Don’t Be Fooled by Zillow’s Recent News

Zillow responded well following back-to-back headlines to close last week, but compared to its peers, its upside is minimal.

Apr 6, 2014 at 10:18AM

While companies like Move (NASDAQ:MOVE) and HomeAway (NASDAQ:AWAY) have fallen steeply with the Nasdaq sell-off, Zillow (NASDAQ:ZG) and Trulia (NYSE:TRLA) have surprisingly held up well. In particular, Zillow has gained 8% in the last month, while Trulia is up by 6%, all during a period where the Nasdaq fell by more than 5%. The reason for this performance -- more specifically, last Thursday and Friday -- should not be celebrated too enthusiastically.

Different but very similar
Zillow and Trulia are near equals, operating online marketplaces of homes for sale and for rent, and earning the majority of their revenue from Realtors who pay to advertise. Move owns and, offering a service similar to Trulia and Zillow. However, Move also operates a software-as-a-service segment, somewhat separating it from its peers. HomeAway is an online marketplace for vacation getaways, including lodging and vacation planning.

While each company has its differences, all operate in the real estate space and serve as marketplaces. And while Zillow and Trulia have traded higher over the last month, Move and HomeAway have lost 14% and 27% of their valuation, respectively. Granted, Trulia did fall nearly 4% on Friday, meaning its days of trending against the index may be coming to an end.

Zillow, however, has been very resilient, allowing it to trade higher during the widespread sell-off, and it appears this performance really comes down to two specific headlines.

Two headlines, but are either meaningful?
On April 3, Zillow announced a partnership with E-House's Leju to build a platform for its Chinese visitors to search U.S. real estate. Then, the following day, Zillow announced monthly unique user data for March, showing a 17% increase over February. While this news may be good, neither is significant enough to help Zillow maintain its hefty premium in the face of a large correction in momentum stocks.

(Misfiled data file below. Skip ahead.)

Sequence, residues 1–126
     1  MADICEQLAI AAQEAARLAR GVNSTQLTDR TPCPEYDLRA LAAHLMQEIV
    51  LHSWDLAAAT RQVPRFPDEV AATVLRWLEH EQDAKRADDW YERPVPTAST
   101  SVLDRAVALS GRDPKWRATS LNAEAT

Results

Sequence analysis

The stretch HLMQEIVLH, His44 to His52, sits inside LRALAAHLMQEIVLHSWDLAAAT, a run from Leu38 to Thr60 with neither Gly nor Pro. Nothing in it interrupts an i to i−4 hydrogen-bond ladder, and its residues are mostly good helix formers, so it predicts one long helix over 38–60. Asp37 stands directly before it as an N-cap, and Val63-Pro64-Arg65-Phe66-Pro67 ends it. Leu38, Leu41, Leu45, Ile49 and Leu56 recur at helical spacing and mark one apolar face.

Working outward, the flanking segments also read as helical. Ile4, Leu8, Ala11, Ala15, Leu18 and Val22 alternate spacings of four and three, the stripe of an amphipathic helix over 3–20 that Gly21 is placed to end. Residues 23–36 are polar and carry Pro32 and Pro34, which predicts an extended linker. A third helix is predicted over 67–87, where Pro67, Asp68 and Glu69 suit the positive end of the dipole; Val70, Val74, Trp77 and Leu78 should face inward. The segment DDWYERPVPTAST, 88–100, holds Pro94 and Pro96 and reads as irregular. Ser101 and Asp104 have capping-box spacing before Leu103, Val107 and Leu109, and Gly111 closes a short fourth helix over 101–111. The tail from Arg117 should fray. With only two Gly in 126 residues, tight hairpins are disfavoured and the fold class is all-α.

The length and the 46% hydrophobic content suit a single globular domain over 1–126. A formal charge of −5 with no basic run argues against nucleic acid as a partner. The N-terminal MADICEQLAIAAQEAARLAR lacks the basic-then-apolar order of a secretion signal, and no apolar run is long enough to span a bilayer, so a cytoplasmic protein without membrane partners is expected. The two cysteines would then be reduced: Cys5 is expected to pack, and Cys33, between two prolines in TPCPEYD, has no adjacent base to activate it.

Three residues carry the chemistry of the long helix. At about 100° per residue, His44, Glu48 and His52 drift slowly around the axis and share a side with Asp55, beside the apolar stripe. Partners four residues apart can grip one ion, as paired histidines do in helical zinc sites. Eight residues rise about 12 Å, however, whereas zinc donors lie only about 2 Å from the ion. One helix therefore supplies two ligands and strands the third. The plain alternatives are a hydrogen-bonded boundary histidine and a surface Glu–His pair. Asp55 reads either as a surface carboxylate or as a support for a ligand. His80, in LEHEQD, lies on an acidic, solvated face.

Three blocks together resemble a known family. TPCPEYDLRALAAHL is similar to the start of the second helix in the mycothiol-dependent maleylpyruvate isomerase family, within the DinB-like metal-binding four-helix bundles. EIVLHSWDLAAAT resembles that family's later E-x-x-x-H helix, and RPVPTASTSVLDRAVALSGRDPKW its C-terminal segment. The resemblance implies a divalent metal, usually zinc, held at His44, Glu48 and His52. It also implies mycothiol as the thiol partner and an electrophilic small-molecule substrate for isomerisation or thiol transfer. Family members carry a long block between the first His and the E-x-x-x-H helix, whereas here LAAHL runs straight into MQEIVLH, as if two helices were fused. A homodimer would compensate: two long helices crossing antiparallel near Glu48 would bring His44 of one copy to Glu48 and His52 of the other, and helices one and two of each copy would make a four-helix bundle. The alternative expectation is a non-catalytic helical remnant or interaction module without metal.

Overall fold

In regards to the Leju news, investors should note that China's interest in U.S. property is naturally very small relative to purchases made by U.S. citizens. Zillow says Chinese buyers spent $11 billion on U.S. homes in 2012. In comparison, Move's disclosed current U.S. inventory at nearly $350 billion in February with an average turnover rate of 114 days.

In total sales from new home purchases in the U.S., that figure is much higher than the inventory in February. However, this gives you an idea of how small $11 billion in purchases is to the total U.S. market. And since Zillow earns its revenue via Realtors and other real estate professionals, investors must wonder how fundamentally impactful this news will be for the company. While this answer is unknown, $11 billion in real estate sales doesn't look to be a number that will drive significant revenue growth for Zillow.

Then, there's the 17% increase in monthly unique users in March versus February. While this is good news, investors must remember that there were three extra days in March. In percentage form, March had about 10% more days than February. Zillow's 17% increase sounds better than it really is.

Best-performing, but worst value
Zillow's been lucky enough to have catchy headlines at a bad time for dot-com stocks. As a result, it hasn't corrected with the rest of the industry, and now trades at a rather lofty 18 times sales. And while Zillow is growing fast -- analysts expect 49% revenue growth in 2014 -- investors should note that it's not profitable.

In fact, Zillow's operating margin has gone from 4.9% in 2012 to negative 8.4%, despite continuously increasing its charges to real estate professionals. How much longer can Zillow boost its marketing prices and sustain its stock gains in the face of large dot-com declines?

With all things considered, Zillow has performed the best among its peers, but likely has the least upside. For example, Trulia is growing faster -- 72% revenue growth is expected this year -- and it trades at a rather reasonable nine times sales. Like Zillow, the most significant hit at the company is its margin -- negative 12.5% -- and the fact that its operating margins have shown essentially no improvement over the last three years. Still, at nine times sales with faster growth, Trulia likely has more upside than Zillow.